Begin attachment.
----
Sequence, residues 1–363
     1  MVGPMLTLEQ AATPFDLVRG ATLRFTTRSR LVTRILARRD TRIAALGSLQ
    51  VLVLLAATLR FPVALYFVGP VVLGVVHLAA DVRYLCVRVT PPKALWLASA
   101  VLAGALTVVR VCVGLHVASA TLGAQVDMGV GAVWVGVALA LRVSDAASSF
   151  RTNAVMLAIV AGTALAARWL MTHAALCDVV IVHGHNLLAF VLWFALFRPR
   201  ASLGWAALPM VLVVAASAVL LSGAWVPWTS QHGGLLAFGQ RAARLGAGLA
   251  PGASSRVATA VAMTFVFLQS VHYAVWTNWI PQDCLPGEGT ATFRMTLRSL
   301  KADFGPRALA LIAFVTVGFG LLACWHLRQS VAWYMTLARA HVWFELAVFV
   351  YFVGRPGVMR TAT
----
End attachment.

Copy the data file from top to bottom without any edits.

Sequence, residues 1–363
     1  MVGPMLTLEQ AATPFDLVRG ATLRFTTRSR LVTRILARRD TRIAALGSLQ
    51  VLVLLAATLR FPVALYFVGP VVLGVVHLAA DVRYLCVRVT PPKALWLASA
   101  VLAGALTVVR VCVGLHVASA TLGAQVDMGV GAVWVGVALA LRVSDAASSF
   151  RTNAVMLAIV AGTALAARWL MTHAALCDVV IVHGHNLLAF VLWFALFRPR
   201  ASLGWAALPM VLVVAASAVL LSGAWVPWTS QHGGLLAFGQ RAARLGAGLA
   251  PGASSRVATA VAMTFVFLQS VHYAVWTNWI PQDCLPGEGT ATFRMTLRSL
   301  KADFGPRALA LIAFVTVGFG LLACWHLRQS VAWYMTLARA HVWFELAVFV
   351  YFVGRPGVMR TAT